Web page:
Who Am I ?

Why this is important to me?

My name is Kendra Oladipo, I am a graduate student at American University. Currently, I am working on a screenplay called Sundust. The story is about a young girl who wants to avenge her family after they were killed the militia. She pretends to be a boy, to join the militia and forms herself into a child soldier.

I started thinking about this story during my first year at American University. This story made me think of my parents, who are Nigerian immigrants that have lived through the Nigerian Civil War from 1967-1970. They came to the United States, where I was born along with my sisters and brother. My father is originally from Sierra Leone, and he moved away due to the war that was happening at the time in Sierra Leone. He and I never saw eye to eye, but I couldn’t help wondering why he is not an open person, and doesn’t talk about his past. After, I had sat down with my father, I create the story, Sundust. As a way of me being close to my father.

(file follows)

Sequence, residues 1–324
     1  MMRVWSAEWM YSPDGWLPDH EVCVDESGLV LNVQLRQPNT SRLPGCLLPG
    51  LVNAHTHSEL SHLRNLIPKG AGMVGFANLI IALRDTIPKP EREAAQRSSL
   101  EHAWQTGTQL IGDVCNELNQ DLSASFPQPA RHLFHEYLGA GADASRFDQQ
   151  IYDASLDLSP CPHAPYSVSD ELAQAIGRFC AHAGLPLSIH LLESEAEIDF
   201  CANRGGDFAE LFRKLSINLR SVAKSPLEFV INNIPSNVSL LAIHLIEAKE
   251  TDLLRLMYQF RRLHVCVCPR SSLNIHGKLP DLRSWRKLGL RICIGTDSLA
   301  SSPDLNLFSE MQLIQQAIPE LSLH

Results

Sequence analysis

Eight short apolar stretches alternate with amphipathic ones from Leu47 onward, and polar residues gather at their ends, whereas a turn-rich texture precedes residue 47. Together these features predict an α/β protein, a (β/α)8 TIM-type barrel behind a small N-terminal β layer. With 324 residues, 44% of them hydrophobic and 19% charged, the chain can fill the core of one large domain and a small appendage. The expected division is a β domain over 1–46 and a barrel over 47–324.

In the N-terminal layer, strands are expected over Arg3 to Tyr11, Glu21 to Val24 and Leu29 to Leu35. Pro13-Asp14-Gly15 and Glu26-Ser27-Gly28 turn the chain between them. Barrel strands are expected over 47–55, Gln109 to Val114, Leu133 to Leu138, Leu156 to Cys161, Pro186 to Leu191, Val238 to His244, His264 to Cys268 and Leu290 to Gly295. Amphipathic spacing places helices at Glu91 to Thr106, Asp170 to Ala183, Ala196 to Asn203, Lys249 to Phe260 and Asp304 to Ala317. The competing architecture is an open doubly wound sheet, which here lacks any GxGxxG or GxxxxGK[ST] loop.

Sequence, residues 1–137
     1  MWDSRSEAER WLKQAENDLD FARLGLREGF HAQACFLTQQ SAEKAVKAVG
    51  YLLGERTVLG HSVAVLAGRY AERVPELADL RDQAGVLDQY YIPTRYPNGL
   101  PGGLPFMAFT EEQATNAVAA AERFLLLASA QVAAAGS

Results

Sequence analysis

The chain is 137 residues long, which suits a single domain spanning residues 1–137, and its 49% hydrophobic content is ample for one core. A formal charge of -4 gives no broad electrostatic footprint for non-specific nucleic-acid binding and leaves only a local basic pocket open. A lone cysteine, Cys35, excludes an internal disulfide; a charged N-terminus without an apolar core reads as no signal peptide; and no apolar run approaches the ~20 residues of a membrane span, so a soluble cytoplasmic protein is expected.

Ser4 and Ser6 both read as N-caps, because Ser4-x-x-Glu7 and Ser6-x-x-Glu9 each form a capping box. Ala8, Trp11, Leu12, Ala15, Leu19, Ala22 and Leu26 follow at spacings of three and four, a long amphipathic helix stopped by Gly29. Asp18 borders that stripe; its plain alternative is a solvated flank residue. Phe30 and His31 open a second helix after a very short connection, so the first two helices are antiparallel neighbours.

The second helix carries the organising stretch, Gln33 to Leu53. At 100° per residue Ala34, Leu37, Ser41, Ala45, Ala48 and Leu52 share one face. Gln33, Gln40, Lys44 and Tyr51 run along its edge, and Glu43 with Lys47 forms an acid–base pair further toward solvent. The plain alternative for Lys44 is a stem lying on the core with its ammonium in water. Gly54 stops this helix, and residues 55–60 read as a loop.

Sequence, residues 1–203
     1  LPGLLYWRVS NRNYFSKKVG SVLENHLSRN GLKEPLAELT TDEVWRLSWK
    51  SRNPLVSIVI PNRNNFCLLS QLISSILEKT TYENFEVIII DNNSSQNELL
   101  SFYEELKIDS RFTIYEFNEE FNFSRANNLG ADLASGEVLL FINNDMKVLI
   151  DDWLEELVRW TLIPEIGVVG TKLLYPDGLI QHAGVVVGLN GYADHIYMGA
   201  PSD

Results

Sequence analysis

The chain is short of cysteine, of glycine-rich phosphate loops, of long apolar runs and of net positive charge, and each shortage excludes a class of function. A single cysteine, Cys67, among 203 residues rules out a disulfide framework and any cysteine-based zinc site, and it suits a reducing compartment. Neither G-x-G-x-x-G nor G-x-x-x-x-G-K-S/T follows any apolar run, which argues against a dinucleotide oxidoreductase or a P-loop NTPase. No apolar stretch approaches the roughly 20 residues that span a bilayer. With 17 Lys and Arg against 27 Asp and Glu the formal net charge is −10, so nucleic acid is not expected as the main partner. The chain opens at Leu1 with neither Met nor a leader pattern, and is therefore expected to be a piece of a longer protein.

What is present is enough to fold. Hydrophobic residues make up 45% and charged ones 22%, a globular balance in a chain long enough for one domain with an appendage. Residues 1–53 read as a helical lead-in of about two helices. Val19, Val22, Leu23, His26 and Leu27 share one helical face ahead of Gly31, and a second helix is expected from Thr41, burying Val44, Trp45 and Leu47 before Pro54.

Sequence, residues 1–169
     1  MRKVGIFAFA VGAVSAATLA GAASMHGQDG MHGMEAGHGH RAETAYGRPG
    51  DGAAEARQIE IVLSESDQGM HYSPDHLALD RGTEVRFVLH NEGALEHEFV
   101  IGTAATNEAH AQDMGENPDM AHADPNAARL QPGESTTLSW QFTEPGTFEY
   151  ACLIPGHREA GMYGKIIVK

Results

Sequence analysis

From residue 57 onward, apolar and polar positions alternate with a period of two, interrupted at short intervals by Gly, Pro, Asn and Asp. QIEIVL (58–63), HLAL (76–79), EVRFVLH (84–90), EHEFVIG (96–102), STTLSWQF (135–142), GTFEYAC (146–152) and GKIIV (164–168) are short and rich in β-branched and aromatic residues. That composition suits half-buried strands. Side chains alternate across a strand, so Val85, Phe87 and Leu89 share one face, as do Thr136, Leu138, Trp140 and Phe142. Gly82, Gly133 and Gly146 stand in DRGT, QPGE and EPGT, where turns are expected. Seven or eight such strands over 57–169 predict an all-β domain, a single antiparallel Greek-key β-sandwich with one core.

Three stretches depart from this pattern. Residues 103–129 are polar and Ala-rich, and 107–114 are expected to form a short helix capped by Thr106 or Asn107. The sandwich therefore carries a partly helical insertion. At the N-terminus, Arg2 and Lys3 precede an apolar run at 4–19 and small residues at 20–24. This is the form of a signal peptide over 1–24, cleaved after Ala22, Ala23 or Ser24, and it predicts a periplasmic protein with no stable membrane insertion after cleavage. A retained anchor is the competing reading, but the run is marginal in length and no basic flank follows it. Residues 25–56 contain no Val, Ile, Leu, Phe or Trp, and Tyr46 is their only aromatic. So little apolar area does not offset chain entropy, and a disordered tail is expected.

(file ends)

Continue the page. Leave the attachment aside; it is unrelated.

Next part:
I grew up in a Nigeria- American household, I have always been fascinated with the topic of child soldiers. I have wondered what more people can do to ensure a child has a better life. During, my second year as undergraduate student at Gallaudet University. My professor presented a movie called, Angel in the Dust. When I first watched the movie, I felt that moved by the journey of those young children. I wanted to read more stories from a female perspective what her experience is like. A girl being taken from her home at the age of nine and focus to become soldiers. I have heard and seen many stories of young boys, rarely of young woman.

Often, people would think that only boys are taken and becoming more soldiers, but girls in the military are often overlooked. There are many stories of young girls being abducted from their homes. They would either become a babysitter, become a soldier, or forced into marrying one of the commanders. While my story is in that direction, I think it is essential for the audiences to see a female point-of-view.

The aftermath that women have experienced being in the military are often stereotypes, poverty, forgotten by the government that promise to help them, and no access to health care. Women would feel pressure to feel violence, commit suicide, or return to the bush (meaning the army).